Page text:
Immunotherapies appear to have promise for the goal of attacking the heterogeneity of cancers based on the ability of immune cells to indiscriminately kill tumor cells in different phases of the cell cycle, unlike traditional chemotherapy and radiotherapy. It is apparent that heterogeneity within cancer exists with subpopulations of stem-like cells or CSCs exhibiting resistance to conventional cytoreductive therapies possibly due to quiescence as well as other pathways. Immunotherapy with T cells often results in antigen-loss variants within the tumor. We have demonstrated that activated NK cells may be uniquely capable of targeting CSCs of solid tissue cancers via stress ligand recognition. Future studies will need to evaluate the immunological impact of NK cell killing of CSCs using immunocompetent models as this may aid in augmenting later T cell responses. It will also be critical to optimize NK cell immunotherapy with regard to sustained in vivo effects as the highly activated NK cells are dependent on cytokines for continued function and survival. Greater targeting of CSCs by the NK cells, possibly through monoclonal antibodies may also increase efficacy. It is likely that NK cells need to be applied using a combination therapy approach as reduction of non-CSCs, which comprise the bulk of the tumor, needs to occur. As our understanding of the nature of the stem-like or CSC subpopulations continues to evolve, so too will our ability to apply immunotherapy more effectively.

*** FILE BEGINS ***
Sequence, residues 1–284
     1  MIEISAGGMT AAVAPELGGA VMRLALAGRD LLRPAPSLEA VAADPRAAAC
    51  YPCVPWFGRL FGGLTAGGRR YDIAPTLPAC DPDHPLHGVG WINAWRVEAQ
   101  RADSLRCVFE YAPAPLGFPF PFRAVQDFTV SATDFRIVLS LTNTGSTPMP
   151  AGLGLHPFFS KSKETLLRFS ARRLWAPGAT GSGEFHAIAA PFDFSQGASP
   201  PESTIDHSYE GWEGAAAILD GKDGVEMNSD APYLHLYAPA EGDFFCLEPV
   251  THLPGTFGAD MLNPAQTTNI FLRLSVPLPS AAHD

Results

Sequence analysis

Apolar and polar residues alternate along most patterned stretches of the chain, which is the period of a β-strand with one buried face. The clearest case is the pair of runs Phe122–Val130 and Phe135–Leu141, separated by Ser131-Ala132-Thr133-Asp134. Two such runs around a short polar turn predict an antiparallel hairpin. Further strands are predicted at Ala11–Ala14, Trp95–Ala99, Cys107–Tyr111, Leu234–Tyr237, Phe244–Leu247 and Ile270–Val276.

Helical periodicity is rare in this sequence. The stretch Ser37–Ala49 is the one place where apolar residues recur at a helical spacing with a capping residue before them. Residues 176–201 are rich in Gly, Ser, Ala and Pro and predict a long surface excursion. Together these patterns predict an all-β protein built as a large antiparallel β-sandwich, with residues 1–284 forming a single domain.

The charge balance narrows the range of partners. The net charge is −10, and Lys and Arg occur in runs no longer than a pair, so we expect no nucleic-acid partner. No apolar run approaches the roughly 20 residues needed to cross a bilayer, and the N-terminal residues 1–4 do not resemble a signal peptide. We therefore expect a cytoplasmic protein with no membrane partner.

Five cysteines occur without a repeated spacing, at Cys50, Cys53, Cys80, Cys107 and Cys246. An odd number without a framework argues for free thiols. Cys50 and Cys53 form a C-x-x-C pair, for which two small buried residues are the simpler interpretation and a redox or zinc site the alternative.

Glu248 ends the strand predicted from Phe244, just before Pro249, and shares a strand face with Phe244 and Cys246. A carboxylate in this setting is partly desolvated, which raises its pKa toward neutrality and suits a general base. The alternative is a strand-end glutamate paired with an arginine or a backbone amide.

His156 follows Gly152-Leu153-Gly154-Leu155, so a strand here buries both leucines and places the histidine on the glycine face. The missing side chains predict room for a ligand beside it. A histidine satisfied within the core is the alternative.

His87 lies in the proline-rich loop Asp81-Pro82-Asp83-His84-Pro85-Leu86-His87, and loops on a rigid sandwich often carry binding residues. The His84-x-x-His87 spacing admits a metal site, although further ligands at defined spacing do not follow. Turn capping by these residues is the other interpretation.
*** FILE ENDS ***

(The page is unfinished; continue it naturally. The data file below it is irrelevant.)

Abbreviations

ALDH: 

Aldehyde dehydrogenase

CD: 

Cluster of differentiation

CSC: 

Cancer stem cell

Fc: 

Fragment, crystallizable

MHC: 

Major histocompatibility complex

NK: 

Natural killer

NKG2D: 

Natural killer group 2, member D

Declarations

Acknowledgements